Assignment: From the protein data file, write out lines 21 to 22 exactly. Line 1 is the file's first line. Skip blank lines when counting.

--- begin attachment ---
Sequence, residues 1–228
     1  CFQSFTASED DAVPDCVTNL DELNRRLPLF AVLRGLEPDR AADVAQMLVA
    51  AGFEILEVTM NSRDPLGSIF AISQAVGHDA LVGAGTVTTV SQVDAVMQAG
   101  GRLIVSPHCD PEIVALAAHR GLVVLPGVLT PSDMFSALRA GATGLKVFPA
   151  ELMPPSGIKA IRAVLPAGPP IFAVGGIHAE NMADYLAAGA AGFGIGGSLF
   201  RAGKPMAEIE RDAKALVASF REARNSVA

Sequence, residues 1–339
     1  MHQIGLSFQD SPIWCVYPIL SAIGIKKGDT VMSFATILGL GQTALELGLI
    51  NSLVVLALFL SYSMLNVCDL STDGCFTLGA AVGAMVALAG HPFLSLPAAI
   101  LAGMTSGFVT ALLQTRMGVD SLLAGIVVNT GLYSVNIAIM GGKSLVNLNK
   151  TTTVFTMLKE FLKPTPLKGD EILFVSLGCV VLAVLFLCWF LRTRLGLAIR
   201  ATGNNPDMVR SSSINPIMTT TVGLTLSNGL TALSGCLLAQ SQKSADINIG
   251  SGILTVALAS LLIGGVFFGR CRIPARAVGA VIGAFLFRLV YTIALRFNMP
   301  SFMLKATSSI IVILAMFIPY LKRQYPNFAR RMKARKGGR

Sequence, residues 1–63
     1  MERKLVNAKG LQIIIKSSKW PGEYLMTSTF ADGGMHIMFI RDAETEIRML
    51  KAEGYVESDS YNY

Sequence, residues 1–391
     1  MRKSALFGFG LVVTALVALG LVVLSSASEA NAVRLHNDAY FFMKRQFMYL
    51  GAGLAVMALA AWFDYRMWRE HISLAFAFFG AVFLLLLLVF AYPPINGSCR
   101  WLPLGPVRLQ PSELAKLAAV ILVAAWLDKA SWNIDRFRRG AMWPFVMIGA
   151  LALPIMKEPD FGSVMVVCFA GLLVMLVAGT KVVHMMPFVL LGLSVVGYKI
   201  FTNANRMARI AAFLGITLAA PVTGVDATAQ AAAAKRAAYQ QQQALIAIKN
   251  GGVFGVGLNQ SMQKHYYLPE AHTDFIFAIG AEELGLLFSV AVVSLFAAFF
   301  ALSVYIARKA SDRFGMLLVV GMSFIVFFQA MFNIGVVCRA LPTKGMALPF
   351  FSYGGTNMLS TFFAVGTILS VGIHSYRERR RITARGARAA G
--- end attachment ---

   101  WLPLGPVRLQ PSELAKLAAV ILVAAWLDKA SWNIDRFRRG AMWPFVMIGA
   151  LALPIMKEPD FGSVMVVCFA GLLVMLVAGT KVVHMMPFVL LGLSVVGYKI